On the variability of cold region flooding
- Author(s): Matti, B
- Dahlke, HE
- Lyon, SW
- et al.
Published Web Locationhttps://doi.org/10.1016/j.jhydrol.2016.01.055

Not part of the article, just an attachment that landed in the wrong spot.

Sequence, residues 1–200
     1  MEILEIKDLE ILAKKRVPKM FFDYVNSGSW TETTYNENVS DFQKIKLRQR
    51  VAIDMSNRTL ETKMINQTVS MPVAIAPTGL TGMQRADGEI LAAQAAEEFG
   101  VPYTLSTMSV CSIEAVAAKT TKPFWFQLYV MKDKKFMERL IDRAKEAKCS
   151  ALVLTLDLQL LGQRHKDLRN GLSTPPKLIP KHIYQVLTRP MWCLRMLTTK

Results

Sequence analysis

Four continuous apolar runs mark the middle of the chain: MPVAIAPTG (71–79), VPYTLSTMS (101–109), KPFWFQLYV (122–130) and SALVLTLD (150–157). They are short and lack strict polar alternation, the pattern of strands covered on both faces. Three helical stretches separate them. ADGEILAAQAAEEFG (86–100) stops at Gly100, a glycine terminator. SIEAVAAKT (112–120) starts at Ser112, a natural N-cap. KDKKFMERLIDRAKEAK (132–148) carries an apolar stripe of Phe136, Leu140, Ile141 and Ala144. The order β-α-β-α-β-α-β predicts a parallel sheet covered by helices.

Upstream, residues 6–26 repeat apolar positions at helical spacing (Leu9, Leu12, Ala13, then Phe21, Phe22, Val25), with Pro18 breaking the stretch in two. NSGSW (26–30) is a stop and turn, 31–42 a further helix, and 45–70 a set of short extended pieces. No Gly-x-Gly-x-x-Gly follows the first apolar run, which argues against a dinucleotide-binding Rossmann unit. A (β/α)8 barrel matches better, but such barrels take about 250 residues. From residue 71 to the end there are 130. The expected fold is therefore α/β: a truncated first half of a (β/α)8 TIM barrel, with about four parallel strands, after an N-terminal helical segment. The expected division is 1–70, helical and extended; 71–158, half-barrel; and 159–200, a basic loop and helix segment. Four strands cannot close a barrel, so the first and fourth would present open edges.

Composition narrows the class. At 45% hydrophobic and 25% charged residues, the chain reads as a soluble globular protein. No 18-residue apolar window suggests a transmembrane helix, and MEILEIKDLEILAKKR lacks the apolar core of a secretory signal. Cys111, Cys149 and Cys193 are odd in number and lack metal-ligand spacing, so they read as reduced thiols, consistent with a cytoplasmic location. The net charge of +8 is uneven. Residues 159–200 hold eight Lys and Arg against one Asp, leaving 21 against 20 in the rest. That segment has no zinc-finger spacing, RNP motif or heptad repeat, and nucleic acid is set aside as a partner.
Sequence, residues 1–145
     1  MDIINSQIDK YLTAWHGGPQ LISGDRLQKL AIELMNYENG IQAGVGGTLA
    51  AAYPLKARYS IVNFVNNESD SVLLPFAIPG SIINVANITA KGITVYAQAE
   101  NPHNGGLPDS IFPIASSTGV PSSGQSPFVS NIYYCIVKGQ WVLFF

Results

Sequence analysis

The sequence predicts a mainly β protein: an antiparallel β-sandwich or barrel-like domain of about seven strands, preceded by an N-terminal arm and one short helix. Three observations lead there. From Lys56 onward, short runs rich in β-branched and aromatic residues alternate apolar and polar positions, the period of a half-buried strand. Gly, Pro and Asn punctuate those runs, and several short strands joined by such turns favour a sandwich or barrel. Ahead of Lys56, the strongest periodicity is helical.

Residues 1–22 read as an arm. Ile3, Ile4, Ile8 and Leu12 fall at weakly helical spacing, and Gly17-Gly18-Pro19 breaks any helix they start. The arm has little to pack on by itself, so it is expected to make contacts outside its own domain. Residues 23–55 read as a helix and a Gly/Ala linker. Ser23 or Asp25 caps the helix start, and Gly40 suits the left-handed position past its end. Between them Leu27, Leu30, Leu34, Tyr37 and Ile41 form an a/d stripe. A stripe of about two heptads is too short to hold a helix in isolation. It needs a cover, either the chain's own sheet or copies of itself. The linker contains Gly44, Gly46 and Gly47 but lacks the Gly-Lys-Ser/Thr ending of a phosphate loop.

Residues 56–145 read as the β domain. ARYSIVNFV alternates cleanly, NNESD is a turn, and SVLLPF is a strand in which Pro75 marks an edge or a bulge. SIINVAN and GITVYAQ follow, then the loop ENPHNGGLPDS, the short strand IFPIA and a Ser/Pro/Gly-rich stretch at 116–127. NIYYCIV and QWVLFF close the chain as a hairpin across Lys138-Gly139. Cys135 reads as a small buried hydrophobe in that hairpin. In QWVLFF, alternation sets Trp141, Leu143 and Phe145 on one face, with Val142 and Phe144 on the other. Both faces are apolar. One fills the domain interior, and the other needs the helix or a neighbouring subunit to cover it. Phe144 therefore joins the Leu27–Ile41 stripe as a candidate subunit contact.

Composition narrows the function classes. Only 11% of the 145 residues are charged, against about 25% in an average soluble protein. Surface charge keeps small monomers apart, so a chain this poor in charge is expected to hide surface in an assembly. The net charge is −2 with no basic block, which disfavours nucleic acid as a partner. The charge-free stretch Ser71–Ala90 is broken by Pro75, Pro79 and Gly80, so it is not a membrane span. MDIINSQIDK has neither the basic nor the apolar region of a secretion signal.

© 2016 Elsevier B.V. Cold region hydrological systems exhibit complex interactions with both climate and the cryosphere. Improving knowledge on that complexity is essential to determine drivers of extreme events and to predict changes under altered climate conditions. This is particularly true for cold region flooding where independent shifts in both precipitation and temperature can have significant influence on high flows. This study explores changes in the magnitude and the timing of streamflow in 18 Swedish Sub-Arctic catchments over their full record periods available and a common period (1990-2013). The Mann-Kendall trend test was used to estimate changes in several hydrological signatures (e.g. annual maximum daily flow, mean summer flow, snowmelt onset). Further, trends in the flood frequency were determined by fitting an extreme value type I (Gumbel) distribution to test selected flood percentiles for stationarity using a generalized least squares regression approach.Results highlight shifts from snowmelt-dominated to rainfall-dominated flow regimes with all significant trends (at the 5% significance level) pointing toward (1) lower magnitudes in the spring flood; (2) earlier flood occurrence; (3) earlier snowmelt onset; and (4) decreasing mean summer flows. Decreasing trends in flood magnitude and mean summer flows suggest widespread permafrost thawing and are supported by increasing trends in annual minimum daily flows. Trends in selected flood percentiles showed an increase in extreme events over the full periods of record (significant for only four catchments), while trends were variable over the common period of data among the catchments. An uncertainty analysis emphasizes that the observed trends are highly sensitive to the period of record considered. As such, no clear overall regional hydrological response pattern could be determined suggesting that catchment response to regionally consistent changes in climatic drivers is strongly influenced by their physical characteristics.
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